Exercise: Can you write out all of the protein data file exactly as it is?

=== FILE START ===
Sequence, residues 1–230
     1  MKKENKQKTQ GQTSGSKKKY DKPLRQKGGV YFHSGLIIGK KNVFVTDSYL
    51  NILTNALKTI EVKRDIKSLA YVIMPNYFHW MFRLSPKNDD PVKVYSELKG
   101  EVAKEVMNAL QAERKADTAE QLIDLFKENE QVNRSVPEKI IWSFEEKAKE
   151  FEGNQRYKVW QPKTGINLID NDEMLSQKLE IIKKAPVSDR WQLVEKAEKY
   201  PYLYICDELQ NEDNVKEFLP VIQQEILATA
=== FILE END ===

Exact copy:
Sequence, residues 1–230
     1  MKKENKQKTQ GQTSGSKKKY DKPLRQKGGV YFHSGLIIGK KNVFVTDSYL
    51  NILTNALKTI EVKRDIKSLA YVIMPNYFHW MFRLSPKNDD PVKVYSELKG
   101  EVAKEVMNAL QAERKADTAE QLIDLFKENE QVNRSVPEKI IWSFEEKAKE
   151  FEGNQRYKVW QPKTGINLID NDEMLSQKLE IIKKAPVSDR WQLVEKAEKY
   201  PYLYICDELQ NEDNVKEFLP VIQQEILATA